When I sat down to write this article, I could not think of a single new thing in my life. Same job, same house, same brand of coffee (Major Dickason, you delicious, brooding devil, you). Luckily, a quick perusal of my recent photos quickly reminded me of a ginormous, 90,000-person new thing that I just…

Snap peas

Reject the notion that you are not enough. Or that you are too much. Or that you don’t have what it takes. Reject all the lies that you are tempted to believe, and begin the adventure of knowing that it’s okay to be you, exactly as you are now, in your shoes, in your skin,…

The ones we keep choosing

Last week I opened an email that began, “Unfortunately, Joanna, you did not win…” It was lottery tickets to see Hamilton, which just opened in Seattle. The tickets have been at scalper’s prices since like five seconds after they went on sale. This lottery is my best hope of seeing what some have called the…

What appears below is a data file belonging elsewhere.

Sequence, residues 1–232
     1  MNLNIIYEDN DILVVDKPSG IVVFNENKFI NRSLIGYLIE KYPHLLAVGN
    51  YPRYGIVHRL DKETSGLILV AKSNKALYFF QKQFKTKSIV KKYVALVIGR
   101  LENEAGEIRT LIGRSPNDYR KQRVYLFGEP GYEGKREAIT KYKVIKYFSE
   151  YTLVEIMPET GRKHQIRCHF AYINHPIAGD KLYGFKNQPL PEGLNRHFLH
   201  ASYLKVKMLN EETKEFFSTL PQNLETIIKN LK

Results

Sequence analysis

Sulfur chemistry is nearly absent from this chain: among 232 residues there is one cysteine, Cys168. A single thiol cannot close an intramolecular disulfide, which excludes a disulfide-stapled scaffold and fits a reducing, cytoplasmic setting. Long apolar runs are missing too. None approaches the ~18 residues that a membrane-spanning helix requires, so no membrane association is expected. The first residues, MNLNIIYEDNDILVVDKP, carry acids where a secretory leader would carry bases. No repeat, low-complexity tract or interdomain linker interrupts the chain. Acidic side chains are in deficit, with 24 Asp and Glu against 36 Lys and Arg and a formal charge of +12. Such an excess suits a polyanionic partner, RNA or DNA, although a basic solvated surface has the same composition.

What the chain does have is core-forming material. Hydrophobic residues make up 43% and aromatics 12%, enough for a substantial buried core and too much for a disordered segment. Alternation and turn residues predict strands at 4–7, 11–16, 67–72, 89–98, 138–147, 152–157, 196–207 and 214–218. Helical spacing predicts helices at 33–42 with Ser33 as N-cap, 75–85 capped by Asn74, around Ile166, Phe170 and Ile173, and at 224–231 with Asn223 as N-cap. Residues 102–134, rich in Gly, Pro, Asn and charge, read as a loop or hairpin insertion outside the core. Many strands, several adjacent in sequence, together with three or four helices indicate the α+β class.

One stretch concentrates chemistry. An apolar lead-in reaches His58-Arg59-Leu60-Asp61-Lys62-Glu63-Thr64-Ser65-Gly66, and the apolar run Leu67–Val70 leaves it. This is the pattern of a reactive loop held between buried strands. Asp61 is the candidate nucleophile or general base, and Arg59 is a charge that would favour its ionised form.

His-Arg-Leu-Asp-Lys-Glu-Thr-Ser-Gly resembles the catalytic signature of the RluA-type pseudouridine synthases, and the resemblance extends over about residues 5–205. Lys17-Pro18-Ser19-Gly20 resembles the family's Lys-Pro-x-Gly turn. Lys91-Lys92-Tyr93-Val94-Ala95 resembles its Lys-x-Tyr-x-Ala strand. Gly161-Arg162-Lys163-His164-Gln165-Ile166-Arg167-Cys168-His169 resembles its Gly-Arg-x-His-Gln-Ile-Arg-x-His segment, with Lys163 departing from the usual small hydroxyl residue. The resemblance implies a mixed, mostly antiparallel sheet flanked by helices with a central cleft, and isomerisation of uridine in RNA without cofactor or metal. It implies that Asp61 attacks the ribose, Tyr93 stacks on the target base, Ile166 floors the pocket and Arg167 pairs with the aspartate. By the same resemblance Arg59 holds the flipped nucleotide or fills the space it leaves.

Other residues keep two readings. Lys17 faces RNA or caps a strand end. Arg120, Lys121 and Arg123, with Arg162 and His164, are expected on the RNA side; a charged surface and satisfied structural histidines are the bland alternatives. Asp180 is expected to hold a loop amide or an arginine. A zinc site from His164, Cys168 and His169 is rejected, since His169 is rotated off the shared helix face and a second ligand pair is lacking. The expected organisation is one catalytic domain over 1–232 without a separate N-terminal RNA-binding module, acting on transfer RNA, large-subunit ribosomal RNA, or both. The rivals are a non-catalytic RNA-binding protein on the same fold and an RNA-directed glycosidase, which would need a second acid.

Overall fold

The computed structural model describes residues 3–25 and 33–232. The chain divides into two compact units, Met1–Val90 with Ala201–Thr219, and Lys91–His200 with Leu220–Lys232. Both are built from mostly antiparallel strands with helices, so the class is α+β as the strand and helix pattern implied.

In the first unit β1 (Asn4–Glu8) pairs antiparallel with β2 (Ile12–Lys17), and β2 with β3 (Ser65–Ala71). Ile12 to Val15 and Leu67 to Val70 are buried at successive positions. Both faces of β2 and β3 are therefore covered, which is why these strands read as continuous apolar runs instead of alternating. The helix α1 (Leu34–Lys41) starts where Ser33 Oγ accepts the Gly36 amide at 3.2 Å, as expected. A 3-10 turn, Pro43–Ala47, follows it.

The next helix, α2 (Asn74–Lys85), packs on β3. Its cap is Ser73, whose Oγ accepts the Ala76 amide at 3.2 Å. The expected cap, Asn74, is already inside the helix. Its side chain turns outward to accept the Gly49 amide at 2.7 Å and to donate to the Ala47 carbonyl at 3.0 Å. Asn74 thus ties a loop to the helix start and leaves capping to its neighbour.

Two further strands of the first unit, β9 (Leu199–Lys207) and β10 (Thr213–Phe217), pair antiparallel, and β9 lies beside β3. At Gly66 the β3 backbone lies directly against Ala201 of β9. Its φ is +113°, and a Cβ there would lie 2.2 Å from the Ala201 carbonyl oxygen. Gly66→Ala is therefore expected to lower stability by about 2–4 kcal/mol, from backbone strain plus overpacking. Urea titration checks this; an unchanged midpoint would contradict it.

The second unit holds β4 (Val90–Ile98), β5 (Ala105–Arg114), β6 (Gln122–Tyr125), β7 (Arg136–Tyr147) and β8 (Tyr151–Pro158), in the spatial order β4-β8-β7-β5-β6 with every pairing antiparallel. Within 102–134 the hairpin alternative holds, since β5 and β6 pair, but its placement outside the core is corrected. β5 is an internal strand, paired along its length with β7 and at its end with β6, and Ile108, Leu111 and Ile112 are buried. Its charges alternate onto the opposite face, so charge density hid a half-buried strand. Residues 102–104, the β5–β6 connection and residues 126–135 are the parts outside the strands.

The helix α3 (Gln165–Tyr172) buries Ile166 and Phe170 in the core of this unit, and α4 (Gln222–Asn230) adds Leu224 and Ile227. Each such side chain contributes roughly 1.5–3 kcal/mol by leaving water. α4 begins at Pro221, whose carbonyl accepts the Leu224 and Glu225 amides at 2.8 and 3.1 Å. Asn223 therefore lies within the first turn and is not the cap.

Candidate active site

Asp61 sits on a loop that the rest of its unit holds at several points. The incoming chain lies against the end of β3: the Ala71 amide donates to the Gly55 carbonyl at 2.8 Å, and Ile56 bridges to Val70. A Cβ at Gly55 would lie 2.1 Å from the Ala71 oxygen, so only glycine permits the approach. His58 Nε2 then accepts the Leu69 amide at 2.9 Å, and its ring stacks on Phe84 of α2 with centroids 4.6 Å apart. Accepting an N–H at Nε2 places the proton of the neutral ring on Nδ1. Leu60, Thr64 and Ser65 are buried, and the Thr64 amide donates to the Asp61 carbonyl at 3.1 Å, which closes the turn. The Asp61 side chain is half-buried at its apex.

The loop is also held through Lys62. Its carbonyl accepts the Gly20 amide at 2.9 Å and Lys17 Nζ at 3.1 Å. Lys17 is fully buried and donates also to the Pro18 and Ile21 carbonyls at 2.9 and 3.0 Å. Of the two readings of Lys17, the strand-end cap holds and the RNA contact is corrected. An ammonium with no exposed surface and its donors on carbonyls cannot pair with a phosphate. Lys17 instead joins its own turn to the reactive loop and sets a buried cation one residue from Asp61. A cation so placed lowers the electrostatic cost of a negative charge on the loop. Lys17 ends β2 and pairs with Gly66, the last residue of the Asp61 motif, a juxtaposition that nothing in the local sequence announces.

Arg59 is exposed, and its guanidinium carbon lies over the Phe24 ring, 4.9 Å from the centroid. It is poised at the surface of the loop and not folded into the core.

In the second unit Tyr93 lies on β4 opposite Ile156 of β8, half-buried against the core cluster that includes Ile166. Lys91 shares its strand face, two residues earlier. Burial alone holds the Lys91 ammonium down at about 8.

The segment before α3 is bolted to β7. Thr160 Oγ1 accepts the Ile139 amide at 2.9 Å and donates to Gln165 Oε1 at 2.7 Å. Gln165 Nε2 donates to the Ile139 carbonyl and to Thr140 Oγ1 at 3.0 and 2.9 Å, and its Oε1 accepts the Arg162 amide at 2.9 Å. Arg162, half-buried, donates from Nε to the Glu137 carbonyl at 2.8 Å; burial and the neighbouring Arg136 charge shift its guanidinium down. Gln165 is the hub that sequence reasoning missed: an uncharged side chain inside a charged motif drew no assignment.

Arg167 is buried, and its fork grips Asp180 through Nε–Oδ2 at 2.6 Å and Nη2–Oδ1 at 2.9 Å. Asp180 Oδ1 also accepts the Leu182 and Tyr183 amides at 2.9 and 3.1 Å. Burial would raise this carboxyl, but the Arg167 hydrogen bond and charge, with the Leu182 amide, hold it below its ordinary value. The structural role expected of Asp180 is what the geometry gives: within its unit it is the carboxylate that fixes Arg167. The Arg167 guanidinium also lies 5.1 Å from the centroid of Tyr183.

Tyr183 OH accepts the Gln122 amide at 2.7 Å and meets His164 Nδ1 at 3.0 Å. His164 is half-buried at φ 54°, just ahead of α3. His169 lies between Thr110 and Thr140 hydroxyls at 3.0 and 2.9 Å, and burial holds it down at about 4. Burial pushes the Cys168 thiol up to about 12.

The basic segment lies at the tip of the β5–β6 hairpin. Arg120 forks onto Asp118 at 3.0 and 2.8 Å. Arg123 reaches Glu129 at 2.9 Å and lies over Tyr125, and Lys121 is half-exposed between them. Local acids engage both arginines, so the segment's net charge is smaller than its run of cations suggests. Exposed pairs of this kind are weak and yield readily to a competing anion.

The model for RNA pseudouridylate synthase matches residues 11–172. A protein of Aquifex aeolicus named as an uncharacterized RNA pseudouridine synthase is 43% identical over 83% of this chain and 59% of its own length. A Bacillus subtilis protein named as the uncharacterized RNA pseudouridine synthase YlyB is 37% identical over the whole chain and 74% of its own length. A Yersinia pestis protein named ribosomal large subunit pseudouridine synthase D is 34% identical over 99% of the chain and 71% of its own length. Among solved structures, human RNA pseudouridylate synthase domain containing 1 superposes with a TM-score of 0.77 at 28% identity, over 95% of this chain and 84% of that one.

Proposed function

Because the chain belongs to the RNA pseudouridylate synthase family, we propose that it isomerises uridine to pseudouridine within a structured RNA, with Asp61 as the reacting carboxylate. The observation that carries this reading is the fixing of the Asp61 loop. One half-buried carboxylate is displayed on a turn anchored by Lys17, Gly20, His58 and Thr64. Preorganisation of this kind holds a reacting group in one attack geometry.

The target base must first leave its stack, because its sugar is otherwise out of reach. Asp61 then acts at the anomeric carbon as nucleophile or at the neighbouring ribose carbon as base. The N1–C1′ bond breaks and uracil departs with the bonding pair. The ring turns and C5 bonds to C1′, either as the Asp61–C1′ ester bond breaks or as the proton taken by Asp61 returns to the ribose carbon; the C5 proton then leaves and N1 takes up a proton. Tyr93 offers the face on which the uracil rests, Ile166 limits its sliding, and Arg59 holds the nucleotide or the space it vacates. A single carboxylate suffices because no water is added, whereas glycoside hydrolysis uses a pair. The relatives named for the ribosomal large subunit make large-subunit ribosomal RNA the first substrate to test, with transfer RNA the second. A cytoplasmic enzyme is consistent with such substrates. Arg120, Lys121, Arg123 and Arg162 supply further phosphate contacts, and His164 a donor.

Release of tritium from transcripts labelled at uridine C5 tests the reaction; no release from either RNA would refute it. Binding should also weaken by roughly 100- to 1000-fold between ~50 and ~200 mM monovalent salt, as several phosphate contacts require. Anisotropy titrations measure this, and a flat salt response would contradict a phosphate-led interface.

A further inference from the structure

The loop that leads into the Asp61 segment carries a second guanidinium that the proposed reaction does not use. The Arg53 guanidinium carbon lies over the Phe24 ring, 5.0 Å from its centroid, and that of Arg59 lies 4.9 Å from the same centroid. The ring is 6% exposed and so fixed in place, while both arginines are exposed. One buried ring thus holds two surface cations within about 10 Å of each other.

“Moonless Darkness Stands Between” 

In The Perks of Being a Wallflower, a small motley troop of friends offers gifts that prove they’ve been listening to one another, that they care about each other’s details and dreams. If only all gifts could say what we want them to, could show our deep affection, could bless and enrich another for life.…

The Blur

It’s been a blur. My reflection in the glass. For the last seven years. So much so that if you asked me what I looked like, I couldn’t tell you. No matter how long I stand here trying to catch a glimpse of who I am, it plays out in pixelated streaks across my mirror.…

Anniversary interrupted